Thousands of students took to the streets of Greece on Thursday of last week to celebrate their first big victory against neo-liberal attacks on higher education by the right wing government.
After huge protests and occupations of universities, Marietta Giannakou, the minister of education, announced that the government would postpone the vote in parliament on a new bill that “reforms” the university system.
The government’s plan had been to pass the bill in the summer. The bill was about the privatisation of higher education and included harsh attacks on students from poor and working class families.
The government wanted to take another step in the same direction by reforming Article 16 of the Greek constitution, which forbids private universities.
Students have occupied hundreds of university faculties since May. Lecturers have been on all-out strike against the government’s plans.
The 400 universities and colleges in occupation are continuing their protest, despite the government making concessions. The lecturers are following the students.
This is the biggest student occupation movement in 15 years. Every week thousands of students have taken part in general assemblies in every faculty. It is these assemblies which have decided to continue the occupation.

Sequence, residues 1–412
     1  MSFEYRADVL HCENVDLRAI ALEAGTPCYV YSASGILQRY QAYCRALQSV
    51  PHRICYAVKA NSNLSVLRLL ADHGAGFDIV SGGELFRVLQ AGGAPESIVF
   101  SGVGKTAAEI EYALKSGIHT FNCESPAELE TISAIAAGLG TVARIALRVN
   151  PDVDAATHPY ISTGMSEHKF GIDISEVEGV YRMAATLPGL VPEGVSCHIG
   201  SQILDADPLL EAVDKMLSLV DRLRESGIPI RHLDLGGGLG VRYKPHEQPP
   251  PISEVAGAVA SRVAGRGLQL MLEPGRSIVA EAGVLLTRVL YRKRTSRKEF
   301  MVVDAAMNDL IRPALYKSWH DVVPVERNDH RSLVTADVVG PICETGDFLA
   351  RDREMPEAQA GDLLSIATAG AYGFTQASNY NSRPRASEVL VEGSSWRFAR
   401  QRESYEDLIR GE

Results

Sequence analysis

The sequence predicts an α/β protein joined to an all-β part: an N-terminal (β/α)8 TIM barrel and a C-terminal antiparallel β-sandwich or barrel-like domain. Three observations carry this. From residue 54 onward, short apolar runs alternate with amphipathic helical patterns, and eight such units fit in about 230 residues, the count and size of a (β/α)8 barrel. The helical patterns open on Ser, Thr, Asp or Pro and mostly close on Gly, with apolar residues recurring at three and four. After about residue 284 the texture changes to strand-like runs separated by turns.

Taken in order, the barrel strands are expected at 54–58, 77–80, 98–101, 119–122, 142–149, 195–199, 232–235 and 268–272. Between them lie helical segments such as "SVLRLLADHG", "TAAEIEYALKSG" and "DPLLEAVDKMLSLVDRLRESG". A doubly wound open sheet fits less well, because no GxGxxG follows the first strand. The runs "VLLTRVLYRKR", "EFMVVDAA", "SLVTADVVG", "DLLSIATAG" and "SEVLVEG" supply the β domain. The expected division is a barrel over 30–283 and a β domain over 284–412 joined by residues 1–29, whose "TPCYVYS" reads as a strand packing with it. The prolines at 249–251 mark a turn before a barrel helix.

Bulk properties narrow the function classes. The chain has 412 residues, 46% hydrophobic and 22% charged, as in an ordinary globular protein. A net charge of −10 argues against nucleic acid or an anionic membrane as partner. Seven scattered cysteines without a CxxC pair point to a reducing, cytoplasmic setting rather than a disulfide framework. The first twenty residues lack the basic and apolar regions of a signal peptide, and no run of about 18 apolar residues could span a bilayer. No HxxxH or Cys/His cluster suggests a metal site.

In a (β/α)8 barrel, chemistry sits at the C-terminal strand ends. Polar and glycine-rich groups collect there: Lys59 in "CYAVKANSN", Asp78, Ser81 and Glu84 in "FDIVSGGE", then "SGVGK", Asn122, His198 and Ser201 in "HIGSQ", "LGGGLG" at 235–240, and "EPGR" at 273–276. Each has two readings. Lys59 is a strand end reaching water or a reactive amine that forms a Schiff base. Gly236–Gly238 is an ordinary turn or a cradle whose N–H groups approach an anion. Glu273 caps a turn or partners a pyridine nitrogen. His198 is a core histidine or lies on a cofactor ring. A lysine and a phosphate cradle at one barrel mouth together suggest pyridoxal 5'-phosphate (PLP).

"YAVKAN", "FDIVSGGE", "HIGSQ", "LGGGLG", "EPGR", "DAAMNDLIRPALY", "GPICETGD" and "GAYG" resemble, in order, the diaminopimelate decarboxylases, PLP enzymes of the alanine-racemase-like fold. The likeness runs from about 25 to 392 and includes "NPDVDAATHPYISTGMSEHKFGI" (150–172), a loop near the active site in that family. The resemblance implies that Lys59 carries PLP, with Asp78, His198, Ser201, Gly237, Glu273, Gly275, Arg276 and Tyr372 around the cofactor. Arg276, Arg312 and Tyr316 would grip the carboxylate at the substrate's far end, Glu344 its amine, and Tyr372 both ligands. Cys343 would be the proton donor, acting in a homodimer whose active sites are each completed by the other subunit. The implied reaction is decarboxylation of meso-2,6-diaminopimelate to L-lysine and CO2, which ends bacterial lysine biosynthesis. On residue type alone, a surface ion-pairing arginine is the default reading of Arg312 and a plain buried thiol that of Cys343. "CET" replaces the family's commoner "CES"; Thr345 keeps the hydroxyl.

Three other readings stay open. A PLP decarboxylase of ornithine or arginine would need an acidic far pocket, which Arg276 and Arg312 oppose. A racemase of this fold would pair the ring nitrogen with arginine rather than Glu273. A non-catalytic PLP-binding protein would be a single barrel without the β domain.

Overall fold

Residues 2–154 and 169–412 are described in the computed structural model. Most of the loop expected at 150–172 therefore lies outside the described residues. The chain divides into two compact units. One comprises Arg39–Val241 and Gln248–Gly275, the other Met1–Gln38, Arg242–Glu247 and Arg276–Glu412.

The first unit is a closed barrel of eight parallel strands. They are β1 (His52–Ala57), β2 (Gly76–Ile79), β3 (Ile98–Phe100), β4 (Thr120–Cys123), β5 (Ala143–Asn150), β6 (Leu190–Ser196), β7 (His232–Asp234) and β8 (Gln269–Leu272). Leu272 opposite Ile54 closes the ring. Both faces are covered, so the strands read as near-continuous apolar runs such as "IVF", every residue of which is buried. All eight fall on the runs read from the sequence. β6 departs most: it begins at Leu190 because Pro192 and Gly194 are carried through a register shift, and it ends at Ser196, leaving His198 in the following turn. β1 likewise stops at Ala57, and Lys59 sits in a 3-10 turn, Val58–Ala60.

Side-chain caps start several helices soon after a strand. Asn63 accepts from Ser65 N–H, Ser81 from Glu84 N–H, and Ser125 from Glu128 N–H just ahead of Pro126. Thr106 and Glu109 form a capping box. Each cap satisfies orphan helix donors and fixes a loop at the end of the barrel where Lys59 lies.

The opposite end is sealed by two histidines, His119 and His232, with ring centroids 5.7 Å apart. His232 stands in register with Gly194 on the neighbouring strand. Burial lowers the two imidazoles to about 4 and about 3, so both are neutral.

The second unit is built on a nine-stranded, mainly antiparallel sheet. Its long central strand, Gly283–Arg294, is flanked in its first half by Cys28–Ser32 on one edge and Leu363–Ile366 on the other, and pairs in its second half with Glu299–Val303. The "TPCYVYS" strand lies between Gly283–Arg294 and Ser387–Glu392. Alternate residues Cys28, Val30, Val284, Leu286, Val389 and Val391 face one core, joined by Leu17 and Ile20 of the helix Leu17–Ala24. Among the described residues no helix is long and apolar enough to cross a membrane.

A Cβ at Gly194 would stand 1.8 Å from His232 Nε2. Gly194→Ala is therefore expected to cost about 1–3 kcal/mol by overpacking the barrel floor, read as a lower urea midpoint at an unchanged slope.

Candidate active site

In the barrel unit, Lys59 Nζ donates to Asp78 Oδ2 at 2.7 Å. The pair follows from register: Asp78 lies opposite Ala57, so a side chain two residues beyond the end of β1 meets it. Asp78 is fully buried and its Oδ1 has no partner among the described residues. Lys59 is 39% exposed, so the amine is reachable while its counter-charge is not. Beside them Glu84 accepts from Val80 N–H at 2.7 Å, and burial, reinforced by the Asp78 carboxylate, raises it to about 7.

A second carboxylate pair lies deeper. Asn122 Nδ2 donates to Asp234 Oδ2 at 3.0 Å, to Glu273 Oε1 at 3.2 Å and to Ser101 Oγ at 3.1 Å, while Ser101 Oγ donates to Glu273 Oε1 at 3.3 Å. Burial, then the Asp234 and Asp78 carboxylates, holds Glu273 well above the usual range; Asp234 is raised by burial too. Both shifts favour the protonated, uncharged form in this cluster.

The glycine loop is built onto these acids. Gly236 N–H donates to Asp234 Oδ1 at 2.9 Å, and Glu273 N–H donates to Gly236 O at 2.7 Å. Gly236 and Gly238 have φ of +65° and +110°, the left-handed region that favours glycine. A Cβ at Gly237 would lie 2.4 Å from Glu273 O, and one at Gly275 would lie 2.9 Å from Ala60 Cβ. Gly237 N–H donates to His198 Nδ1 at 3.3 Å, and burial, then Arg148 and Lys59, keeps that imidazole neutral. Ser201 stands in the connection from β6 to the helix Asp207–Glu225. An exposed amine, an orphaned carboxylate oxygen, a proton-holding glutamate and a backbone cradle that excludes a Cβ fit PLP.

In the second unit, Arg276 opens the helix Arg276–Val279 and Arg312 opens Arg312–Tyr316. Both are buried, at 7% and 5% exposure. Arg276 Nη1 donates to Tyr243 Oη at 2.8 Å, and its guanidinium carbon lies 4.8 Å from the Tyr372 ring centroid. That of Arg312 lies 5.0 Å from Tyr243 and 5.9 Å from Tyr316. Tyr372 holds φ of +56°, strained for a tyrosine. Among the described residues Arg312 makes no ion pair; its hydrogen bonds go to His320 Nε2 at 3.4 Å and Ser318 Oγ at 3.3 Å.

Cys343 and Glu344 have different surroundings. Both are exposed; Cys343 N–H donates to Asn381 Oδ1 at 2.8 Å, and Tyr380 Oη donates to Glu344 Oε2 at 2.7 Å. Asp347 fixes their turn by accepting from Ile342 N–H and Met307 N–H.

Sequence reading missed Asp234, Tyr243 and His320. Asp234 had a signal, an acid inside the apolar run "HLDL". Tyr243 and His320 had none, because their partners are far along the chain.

In Athens more than 500 students took part in the assembly that decided to go into occupation a month ago.
Since then the number has doubled – about 1,000 students took part in our last assembly. Every week there has been a big demonstration.
On 1 and 15 June thousands of students came from all over Greece to demonstrate in Athens.
After every demonstration there has been an open meeting of the general coordinating committee of the occupations.
The student movement has got its inspiration from the anti-war movement.
Students who are now demonstrating and occupying their faculties against the government’s attacks are the same people who took to the streets three years ago as school
students against the war on Iraq. The slogans, chants and banners of the demonstrations are reminiscent of the anti-war rallies.
Another inspiration is the victory of the student and workers’ movement in France earlier this year against neo-liberal labour laws. Greek students are saying, “We’ll do it the French way” – students and workers together.
The government believed that our movement was weak.
Two months ago the right wing student organisation – DAP – scored a victory in the student union elections. But after the huge protests they seem to have disapeared from the universities.
The government also tried to use force to break the student movement. Police special forces brutally attacked last Thursday’s demonstration in Athens.
Many students were beaten up. But this attack rebounded against the government, encouraging more people to join the movement.
The struggle continues. There was another national demonstration of the occupation movement set for Wednesday of this week.
The Greek TUC and the public sector workers’ union confederation are calling for solidarity with the students and planning a general strike for the day.
Niki Argiri is a student in the faculty of philosophy at the University of Athens.
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